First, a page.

Harris and LG Demonstrate Scalable Full-Channel Mobile DTV Technology

Monday, April 12th, 2010
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Flexible Spectrum Option Delivers Even More Over-the-Air Mobile TV Programs Than Possible with Traditional Mobile DTV Broadcasting

LAS VEGAS — With an eye on the future for spectrum owners interested in reaching millions of mobile TV viewers, Harris Corporation (NYSE: HRS) today took the wraps off its latest technological innovation developed with LG Electronics (Seoul:066570) — mobile digital television delivered in “Scalable Full-Channel Mobile Mode.” The demonstration features functioning hardware for both transmission and reception of mobile DTV signals using enhanced technology.

The new system enables as many as 16 different video programs to be sent in the same 6 MHz bandwidth utilized by a TV broadcaster. It has been proposed for standardization to the Advanced Television Systems Committee (ATSC) and is being unveiled this week at the 2010 National Association of Broadcasters (NAB) convention.

Current TV broadcasters are required by the Federal Communications Commission to offer at least one standard-definition digital TV program in their 19.4 Mbps broadcast bitstream. Owners of other 700 MHz spectrum, however, have more flexibility. The Harris/LG demonstration will show spectrum owners and all terrestrial broadcasters how to maximize spectrum use with a greater variety of TV programs to reach mobile viewers “on the go” as viewing habits change.

This demonstration can be seen in the ATSC-OMVC Mobile Digital TV Pavilion (Booth SU5217A, South Hall, Las Vegas Convention Center) during the entire 2010 NAB Show.

Multiple Mobile Programs on One Channel

To achieve its robust approach to Scalable Full-Channel Mobile Mode, LG and Harris engineers have trimmed the main digital program to enable a mere trickle of data — enough to advertise available mobile programs on the service to in-home viewers. Most of the 19.4 Mbps bitstream in the 6 MHz TV channel is then cleared for transmission of various mobile programs, which can all be beamed from the same broadcast infrastructure.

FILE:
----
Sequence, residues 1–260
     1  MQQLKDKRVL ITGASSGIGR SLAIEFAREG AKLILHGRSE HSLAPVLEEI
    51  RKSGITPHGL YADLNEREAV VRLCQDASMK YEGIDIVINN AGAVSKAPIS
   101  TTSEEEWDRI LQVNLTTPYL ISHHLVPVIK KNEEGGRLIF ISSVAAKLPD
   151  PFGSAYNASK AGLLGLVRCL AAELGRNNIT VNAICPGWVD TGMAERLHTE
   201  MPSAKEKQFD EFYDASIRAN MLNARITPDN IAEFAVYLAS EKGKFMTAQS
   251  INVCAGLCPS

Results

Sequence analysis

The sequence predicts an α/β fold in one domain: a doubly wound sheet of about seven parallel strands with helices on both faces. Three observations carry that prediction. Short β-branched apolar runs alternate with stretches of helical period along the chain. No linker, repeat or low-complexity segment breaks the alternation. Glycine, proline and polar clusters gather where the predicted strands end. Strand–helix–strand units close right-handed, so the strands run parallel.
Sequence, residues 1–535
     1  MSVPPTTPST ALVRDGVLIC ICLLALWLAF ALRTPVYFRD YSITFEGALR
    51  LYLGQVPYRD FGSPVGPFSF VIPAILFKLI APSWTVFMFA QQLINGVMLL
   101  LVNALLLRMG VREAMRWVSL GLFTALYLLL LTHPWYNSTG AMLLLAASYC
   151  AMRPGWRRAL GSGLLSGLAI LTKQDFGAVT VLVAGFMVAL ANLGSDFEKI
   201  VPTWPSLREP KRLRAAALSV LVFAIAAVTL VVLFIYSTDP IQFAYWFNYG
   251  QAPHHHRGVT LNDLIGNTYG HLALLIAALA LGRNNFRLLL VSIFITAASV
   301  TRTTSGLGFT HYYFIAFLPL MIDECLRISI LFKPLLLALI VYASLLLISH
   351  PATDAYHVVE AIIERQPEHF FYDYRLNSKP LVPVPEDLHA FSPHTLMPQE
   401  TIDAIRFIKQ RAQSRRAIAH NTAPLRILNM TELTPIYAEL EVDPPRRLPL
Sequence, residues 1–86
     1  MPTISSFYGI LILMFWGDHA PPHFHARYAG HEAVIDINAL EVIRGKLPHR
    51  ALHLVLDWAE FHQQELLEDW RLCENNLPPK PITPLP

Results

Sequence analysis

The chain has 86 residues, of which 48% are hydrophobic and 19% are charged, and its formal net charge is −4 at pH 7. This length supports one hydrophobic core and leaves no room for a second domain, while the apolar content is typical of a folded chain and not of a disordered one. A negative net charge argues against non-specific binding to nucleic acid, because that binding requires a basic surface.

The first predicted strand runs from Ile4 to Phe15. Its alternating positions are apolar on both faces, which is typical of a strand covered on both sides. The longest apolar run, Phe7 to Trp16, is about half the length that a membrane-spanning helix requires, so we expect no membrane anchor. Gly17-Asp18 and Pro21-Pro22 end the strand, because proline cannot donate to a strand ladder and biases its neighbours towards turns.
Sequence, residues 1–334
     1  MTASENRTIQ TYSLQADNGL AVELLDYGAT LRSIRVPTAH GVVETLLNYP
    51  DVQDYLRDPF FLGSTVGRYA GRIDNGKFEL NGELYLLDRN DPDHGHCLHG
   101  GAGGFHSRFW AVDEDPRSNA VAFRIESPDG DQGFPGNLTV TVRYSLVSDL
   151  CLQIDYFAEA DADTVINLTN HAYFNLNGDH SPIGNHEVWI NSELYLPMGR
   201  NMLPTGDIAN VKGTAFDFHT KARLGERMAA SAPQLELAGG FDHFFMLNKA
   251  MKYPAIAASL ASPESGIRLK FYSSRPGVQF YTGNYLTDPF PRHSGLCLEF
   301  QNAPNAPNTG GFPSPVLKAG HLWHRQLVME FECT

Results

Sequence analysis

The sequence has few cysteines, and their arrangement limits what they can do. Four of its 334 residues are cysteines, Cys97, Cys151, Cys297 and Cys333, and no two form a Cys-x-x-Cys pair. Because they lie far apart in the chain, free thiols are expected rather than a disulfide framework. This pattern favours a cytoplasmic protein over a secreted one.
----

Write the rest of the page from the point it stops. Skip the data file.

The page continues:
“We realize there are applications for digital broadcasting that go far beyond the services transmitted by TV stations,” said Dr. Jong Kim, president of LG Electronics’ U.S. R&D lab. “Companies that own 700 MHz spectrum are beginning to ask how they might put the power of ATSC mobile digital broadcasting to use, and we’re responding by creating a new method of utilizing digital transmission to transmit even more programs. With our Scalable Full-Channel Mobile Mode system, we can offer multiple programs for mobile devices and a ‘barker program’ that can be seen by in-home viewers.”

The LG-Harris Scalable Full-Channel Mobile Mode is designed to be compatible with the ATSC A/153 Mobile DTV Standard adopted by the ATSC last October. It will offer non-traditional broadcasters an effective way to reach millions of mobile, portable and handheld devices.

“LG is committed to providing reception chips to equip receiving devices for Scalable Full-Channel Mobile Mode within four months of standard adoption,” Dr. Kim said. “Co-developed by LG, Zenith and Harris, this technology shows how Mobile DTV can be applied to help non-traditional broadcasters reach the viewing public. We’re using commercially available Harris transmission equipment and LG Mobile Digital TV receivers — such as portable TVs, netbook computers and prototype mobile phones — to show how spectrum owners might offer multiple programs of diversified content.”

Significant Progress Toward Commercialization

While the demonstration is a prototype, “the finished product will require nothing more than a software upgrade” for Harris Mobile DTV equipment owners, according to Jay Adrick, vice president of broadcast technology for Harris Corporation.

“We’re already working with a customer, and there are others operating in the 700 MHz spectrum who plan to launch mobile services that are compatible with the ATSC transmission system,” Adrick said. “We believe that Scalable Full-Channel Mobile Mode transmission will come to market rather quickly, once it is standardized. These are changing times for broadcasters, and they need every tool that they can get to be competitive and to move toward the types of services that people want in the future.”

“This is an extension of the ATSC A/153 Mobile DTV standard, so there’s a lot of commonality with what broadcasters are already planning to do,” Adrick added. “To achieve the Scalable Full-Channel Mobile Mode, there are, however, some significant changes in coding rate and in the block formats that are used to generate the various segments of the mobile signal.”

The technology developed by Harris, LG and Zenith is a leading contender in the ATSC Scalable Full-Channel Mobile Mode standardization process. An ATSC “Candidate Standard” could be adopted in the next several months.